Primary care trust clusters will effectively survive to commission GP services and oversee new clinical commissioning groups from April 2013, it was confirmed this week.

NHS chief executive Sir David Nicholson said structures based on the clusters would remain in place as “local arms of the NHS Commissioning Board” – even where CCGs, formerly known as GP consortia, were ready to take the majority of the budget.

In a letter to the service Sir David said: “After April 2013, these local arms would oversee commissioning groups that have been authorised and would also commission some of those services, such as primary care, which are directly commissioned by the board.”

The letter said the board’s regional and local outposts would “secure opportunities for many staff”. However, it warned that, because they would have “significantly less capacity” than PCT and strategic health authority clusters, many PCT staff would still “want to consider opportunities for moving to clinical commissioning groups or establishing commissioning support providers”.

The move responds to calls from the Future Forum review panel for more certainty and job security, to stop good management staff leaving the NHS.

Sir David’s letter said: “By reflecting the arrangements for PCT and SHA clusters in the way the NHS Commissioning Board will be organised, our intention is to give all existing staff in commissioning organisations a potential pathway into the new system, subject of course to agreed people transition policies.”

Managers in Partnership chief executive Jon Restell said: “If they’re determined to maximise retention of staff or the best talent then they’re going to have to find models that achieve that.”

It was still unclear exactly how commissioning support organisations would emerge, he said, and few signs existed that PCT staff were being actively encouraged to establish bodies outside of the NHS. At least in the interim, it was likely support groups would be attached to NHS organisations, he said.

Sir David’s letter also confirmed SHAs will group into four clusters from October at the same time as the Commissioning Board is established in shadow form. The SHA clusters will later form the sub-national structure of the commissioning board.

One of the four will be London and HSJ understands another will cover the North – embracing the North West, North East and Yorkshire and the Humber SHA areas. The DH’s command paper to Parliament published on Monday confirmed the commissioning board would be “structured around the five outcome domains set out in the NHS Outcomes Framework, with national professional leads for each outcome area”.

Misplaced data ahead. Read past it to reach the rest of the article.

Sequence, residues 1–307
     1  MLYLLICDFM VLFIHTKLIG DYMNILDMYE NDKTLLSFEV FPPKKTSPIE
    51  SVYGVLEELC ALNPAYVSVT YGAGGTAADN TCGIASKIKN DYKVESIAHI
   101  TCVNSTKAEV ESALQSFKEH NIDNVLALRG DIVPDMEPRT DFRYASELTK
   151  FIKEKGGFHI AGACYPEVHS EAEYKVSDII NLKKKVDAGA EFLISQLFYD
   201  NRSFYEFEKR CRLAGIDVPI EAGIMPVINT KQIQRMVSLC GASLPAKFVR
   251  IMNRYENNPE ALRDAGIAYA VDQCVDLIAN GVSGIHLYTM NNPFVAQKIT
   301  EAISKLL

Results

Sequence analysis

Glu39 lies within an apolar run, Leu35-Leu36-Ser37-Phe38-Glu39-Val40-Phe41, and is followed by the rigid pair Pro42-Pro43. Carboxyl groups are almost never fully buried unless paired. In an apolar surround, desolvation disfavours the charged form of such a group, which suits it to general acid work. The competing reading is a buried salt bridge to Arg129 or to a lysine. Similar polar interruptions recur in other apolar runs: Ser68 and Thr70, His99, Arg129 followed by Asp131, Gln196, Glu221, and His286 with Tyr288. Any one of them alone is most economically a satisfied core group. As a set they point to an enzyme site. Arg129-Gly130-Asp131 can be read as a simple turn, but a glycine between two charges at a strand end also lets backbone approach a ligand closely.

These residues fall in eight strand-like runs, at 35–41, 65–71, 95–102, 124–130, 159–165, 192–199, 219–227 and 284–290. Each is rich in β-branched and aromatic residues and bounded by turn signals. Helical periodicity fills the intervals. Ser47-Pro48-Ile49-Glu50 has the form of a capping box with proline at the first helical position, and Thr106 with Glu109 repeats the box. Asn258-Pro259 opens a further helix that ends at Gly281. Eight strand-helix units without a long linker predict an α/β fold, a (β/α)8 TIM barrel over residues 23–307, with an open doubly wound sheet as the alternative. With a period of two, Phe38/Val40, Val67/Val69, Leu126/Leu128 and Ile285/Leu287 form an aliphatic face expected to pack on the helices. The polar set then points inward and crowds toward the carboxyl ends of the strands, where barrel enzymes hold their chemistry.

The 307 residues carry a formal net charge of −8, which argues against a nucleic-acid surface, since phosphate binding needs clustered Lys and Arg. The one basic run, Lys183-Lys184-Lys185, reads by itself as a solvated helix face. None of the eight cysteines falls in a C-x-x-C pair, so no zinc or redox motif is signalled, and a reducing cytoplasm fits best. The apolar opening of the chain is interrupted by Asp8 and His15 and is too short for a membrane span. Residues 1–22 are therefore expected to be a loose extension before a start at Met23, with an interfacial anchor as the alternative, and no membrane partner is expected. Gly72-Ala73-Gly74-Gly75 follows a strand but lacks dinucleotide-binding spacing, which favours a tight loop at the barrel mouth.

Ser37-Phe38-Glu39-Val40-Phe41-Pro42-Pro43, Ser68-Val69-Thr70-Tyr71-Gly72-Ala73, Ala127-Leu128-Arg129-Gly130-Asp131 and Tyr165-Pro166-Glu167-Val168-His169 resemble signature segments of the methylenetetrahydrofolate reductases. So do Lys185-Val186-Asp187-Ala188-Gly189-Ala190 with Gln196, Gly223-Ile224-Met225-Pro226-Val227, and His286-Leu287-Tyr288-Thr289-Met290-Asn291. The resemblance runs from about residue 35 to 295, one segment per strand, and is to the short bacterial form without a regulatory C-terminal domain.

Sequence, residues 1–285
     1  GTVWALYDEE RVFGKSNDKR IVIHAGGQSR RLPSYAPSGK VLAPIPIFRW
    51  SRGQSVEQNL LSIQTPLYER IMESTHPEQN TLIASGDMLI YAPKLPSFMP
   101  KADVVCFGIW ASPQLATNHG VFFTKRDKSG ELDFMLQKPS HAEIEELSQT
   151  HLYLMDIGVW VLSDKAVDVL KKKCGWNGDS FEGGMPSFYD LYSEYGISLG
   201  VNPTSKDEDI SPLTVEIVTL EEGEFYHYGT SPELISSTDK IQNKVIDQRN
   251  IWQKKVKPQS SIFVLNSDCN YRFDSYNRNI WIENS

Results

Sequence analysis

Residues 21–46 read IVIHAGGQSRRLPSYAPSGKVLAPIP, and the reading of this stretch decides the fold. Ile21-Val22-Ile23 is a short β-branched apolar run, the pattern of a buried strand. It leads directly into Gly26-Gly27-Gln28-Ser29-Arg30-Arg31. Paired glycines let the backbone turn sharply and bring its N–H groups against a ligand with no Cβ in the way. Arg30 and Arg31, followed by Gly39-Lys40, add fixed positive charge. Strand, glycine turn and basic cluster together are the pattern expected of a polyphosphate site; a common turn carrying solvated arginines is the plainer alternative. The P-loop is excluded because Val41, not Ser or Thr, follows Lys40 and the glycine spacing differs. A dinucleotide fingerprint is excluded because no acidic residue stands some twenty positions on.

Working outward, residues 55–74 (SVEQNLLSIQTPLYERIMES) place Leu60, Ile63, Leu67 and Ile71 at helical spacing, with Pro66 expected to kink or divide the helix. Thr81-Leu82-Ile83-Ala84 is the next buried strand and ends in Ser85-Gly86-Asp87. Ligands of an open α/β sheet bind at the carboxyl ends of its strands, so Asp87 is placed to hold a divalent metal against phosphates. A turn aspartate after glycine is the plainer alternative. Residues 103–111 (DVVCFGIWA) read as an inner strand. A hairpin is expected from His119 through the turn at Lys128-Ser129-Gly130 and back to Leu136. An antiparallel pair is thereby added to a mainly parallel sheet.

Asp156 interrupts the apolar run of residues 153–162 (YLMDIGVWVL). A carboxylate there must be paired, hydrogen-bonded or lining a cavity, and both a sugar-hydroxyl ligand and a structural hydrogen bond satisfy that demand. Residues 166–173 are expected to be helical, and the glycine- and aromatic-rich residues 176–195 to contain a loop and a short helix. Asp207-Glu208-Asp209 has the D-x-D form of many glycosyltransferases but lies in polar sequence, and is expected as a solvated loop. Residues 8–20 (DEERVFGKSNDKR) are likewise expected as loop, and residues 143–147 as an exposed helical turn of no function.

The domains are: preventing people from dying prematurely; enhancing quality of life for people with long term conditions; helping people to recover from episodes of ill health or after injury; ensuring that people have a positive experience of care; and treating and caring for people in a safe environment and protecting them from avoidable harm.

The domains will be reflected across commissioning board directorates in what DH insiders are calling a “matrix” structure.

The command paper adds detail to the government’s changes to its reform plans. It says clinical senates “will not be organisations or new forms of bureaucracy, and they will not need to be provided for by amendments to the bill”.

They will not “alter the essential responsibility – and the statutory accountability” of CCGs or the commissioning board (see below).

A new requirement is designed to “ensure [CCGs’] work coherently with local partners”. The paper says a “significant majority of the registered patients that a [CCG] is responsible for will have to live within [its] boundaries”.

Paying for networks and senates

Sir David Nicholson has revealed that clinical commissioning groups would have to pay, directly or indirectly, for the running and expansion of clinical networks, as well as the new clinical senates.

In his interview with HSJ the NHS chief executive said CCGs would either have to “pay in” to support networks and senates or that the commissioning board would “top slice” funds from the groups’ management allowance.

He said the government would “start” by considering establishing clinical senates within England’s “14 to 17 health systems”, as defined by patient flows.

Sir David said the senates’ role in authorising commissioning groups was about establishing “confidence” in CCGs’ plans and advice. They would not be “part of the performance management system” for CCGs, he added.